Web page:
Jonathan Zimmerman reviews Daniel Karpowitz’s College in Prison: Reading in an Age of Mass Incarceration for The New York Review of Books in an article on the future of mass higher education and mass incarceration. In Zimmerman’s words, Karpowitz “makes a convincing case for ‘college in prison’ … carefully documenting the great many benefits that its graduates receive…. At the same time, remind[ing] us how far our higher-education system has strayed from the humanistic ideals at the heart of the Bard prison project.”
Read the full article in The New York Review of Books online, or in a copy of the February 23rd issue:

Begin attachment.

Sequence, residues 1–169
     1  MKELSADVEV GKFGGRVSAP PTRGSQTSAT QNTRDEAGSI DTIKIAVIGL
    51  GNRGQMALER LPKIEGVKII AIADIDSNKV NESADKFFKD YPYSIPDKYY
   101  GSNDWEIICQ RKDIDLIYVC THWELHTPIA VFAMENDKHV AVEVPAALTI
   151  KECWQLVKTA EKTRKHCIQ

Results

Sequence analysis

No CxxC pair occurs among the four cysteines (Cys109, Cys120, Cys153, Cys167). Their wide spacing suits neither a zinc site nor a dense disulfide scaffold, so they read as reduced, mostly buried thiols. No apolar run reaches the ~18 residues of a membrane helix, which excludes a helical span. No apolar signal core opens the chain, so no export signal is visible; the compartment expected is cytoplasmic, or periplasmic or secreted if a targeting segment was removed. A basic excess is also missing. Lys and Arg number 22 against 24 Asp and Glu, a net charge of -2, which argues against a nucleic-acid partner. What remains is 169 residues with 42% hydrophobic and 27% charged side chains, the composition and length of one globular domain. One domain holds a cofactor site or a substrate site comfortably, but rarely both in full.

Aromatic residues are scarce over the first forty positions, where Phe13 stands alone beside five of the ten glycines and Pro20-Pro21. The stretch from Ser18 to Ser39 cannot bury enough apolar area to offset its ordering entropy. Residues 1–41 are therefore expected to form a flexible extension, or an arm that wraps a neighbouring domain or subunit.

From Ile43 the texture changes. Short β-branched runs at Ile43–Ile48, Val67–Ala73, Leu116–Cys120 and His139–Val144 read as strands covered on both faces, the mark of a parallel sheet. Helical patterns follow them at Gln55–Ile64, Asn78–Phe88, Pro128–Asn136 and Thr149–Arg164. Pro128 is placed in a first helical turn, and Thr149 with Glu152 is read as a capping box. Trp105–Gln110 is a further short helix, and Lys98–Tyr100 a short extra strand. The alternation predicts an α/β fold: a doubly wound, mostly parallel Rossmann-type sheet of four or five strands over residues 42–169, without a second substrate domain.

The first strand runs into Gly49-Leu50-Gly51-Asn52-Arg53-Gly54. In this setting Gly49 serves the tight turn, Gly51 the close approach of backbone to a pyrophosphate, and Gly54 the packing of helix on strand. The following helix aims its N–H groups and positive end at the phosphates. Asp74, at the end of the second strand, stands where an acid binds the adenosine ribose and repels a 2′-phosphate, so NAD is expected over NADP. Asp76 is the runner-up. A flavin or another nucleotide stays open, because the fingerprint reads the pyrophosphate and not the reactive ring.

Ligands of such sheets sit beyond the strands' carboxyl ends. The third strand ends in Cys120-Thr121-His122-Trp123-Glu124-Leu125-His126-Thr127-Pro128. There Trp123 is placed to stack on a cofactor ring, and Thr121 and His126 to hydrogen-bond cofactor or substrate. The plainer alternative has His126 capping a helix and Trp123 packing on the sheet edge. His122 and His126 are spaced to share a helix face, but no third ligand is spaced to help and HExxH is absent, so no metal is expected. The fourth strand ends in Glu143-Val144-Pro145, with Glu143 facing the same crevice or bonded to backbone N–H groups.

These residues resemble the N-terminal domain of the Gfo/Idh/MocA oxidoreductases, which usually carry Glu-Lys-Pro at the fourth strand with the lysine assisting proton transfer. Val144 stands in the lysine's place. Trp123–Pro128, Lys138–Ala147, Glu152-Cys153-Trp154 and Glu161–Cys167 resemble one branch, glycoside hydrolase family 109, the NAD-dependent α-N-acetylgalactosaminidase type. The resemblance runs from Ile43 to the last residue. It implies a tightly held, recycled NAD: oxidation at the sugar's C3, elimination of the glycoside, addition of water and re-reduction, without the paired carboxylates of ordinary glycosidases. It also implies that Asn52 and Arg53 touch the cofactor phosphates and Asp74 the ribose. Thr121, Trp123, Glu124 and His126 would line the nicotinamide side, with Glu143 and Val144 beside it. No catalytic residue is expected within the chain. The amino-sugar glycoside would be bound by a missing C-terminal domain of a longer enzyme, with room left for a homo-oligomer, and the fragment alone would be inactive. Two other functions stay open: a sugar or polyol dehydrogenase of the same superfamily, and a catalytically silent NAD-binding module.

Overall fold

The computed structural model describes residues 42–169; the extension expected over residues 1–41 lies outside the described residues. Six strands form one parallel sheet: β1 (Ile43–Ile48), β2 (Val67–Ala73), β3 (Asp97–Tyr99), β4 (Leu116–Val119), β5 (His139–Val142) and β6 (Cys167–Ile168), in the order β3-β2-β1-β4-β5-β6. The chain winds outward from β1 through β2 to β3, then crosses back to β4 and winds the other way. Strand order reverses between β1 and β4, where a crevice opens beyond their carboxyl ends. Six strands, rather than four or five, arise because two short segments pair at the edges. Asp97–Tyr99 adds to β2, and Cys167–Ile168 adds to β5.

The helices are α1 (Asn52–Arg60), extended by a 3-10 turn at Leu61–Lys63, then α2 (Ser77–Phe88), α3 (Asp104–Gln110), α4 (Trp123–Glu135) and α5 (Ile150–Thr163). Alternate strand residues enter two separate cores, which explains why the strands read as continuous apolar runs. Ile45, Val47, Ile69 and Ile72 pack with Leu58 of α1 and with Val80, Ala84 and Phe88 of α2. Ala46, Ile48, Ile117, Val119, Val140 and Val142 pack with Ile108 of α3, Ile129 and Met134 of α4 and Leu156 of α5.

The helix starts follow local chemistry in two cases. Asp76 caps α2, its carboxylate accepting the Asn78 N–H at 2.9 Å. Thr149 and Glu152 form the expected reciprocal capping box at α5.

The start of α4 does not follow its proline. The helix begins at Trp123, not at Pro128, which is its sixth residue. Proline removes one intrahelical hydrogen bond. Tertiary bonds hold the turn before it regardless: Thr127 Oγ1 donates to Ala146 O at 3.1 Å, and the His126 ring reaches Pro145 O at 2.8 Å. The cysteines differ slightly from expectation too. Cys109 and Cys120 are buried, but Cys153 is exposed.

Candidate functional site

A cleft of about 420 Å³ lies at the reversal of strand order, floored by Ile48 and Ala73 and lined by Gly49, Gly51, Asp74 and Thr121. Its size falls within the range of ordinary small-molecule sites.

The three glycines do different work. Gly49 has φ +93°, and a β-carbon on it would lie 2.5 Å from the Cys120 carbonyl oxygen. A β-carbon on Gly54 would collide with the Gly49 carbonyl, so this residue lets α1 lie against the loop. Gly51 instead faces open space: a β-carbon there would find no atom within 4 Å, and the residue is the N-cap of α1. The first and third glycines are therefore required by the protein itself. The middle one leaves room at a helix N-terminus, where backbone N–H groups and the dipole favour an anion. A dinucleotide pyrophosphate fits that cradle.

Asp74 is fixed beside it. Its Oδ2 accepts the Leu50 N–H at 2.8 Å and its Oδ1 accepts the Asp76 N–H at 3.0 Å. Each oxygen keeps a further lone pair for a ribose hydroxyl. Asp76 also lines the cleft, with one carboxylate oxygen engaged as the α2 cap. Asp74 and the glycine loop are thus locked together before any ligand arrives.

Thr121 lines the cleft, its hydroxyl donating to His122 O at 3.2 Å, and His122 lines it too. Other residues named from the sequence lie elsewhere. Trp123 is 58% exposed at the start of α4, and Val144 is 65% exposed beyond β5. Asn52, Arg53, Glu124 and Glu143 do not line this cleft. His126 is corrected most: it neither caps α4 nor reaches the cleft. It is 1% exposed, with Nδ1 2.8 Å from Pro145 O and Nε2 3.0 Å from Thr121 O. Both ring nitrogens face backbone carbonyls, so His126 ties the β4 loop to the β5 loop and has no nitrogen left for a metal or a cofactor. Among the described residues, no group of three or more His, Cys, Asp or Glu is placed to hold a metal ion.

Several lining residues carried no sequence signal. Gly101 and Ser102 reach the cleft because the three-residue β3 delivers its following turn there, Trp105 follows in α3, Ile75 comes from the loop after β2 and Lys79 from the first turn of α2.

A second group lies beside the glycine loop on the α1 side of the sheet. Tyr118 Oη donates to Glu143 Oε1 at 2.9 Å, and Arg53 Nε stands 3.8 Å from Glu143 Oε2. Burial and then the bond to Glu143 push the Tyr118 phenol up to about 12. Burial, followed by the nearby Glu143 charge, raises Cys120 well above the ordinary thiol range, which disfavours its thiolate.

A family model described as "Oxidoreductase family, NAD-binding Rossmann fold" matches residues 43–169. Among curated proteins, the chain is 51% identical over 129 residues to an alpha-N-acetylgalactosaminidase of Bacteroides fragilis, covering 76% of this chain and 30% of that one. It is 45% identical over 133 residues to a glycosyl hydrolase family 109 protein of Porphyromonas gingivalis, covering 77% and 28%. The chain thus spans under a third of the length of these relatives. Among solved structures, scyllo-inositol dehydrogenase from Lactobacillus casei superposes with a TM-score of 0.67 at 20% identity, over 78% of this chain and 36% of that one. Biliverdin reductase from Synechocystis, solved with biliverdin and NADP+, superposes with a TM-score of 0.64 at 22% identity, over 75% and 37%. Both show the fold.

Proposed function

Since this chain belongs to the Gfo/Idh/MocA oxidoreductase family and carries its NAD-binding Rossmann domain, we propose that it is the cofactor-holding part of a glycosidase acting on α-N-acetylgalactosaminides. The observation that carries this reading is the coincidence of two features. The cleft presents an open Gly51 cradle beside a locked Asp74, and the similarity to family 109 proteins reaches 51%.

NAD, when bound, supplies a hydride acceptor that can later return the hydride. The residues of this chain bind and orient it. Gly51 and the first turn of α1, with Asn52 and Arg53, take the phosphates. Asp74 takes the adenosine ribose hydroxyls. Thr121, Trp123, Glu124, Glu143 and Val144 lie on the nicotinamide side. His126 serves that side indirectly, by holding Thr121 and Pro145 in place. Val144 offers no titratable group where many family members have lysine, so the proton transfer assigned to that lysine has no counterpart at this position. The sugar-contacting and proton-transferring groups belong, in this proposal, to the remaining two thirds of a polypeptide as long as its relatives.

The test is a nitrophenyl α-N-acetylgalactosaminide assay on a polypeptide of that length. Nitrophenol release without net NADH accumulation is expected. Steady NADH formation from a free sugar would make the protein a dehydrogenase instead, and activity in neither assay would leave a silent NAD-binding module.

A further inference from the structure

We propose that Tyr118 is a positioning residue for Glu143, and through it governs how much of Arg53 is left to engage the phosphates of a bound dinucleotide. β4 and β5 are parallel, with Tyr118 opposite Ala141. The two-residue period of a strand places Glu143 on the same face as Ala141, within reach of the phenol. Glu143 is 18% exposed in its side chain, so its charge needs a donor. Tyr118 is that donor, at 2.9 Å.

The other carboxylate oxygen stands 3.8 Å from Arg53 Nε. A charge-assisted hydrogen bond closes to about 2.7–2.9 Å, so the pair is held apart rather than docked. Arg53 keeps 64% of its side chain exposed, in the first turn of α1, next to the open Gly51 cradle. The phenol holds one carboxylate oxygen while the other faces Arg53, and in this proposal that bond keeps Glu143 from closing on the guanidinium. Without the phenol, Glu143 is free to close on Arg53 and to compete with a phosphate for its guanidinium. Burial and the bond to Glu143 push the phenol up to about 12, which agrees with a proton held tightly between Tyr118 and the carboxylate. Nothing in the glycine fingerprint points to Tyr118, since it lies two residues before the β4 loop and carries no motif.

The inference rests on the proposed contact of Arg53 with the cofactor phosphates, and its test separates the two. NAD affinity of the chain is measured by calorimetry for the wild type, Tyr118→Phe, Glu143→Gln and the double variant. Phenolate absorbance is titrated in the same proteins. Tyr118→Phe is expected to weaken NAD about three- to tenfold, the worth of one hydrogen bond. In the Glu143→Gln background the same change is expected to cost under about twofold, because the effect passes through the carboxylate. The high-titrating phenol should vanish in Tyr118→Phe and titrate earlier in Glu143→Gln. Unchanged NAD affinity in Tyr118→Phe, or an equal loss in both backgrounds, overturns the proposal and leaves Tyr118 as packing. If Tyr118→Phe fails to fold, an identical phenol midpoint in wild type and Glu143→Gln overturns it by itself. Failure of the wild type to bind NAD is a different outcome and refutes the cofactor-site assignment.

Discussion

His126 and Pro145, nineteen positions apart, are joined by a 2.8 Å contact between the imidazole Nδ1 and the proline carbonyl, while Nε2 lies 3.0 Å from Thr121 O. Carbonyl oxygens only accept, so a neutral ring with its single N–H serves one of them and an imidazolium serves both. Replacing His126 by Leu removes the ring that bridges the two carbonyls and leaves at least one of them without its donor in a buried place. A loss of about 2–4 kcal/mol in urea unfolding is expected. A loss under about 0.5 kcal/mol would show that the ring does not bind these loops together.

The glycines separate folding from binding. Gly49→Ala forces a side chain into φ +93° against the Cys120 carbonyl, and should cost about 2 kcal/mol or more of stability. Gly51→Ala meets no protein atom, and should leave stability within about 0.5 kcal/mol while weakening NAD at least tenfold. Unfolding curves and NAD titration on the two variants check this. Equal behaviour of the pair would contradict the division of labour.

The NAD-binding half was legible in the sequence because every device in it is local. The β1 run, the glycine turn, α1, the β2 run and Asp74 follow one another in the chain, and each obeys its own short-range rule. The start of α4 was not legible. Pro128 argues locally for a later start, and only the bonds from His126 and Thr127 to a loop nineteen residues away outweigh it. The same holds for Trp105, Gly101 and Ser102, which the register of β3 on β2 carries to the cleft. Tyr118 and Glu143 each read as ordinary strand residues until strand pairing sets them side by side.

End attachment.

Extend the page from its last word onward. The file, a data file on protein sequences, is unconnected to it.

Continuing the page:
What is college for? American higher education began as a narrow religious and moral project, preparing a small subset of young men for upright lives in this world and the one everlasting. But it has evolved into a colossal vocational enterprise, which promises to yield gainful employment for its increasing variety of eager customers. Whether a college degree will lead to upper-middle-class jobs is one of the most hotly contested questions in American social sciences right now. But for prisoners, the practical advantages of a college education are impossible to deny. Only 2 percent of BPI graduates return to jail, as opposed to about half of released prisoners nationwide. Even more importantly, BPI alumni make vital and often unexpected contributions to their communities upon their return. In their prison classes, they talk about working as youth advocates, counselors, and teachers. And once they are home, that’s mostly what they do.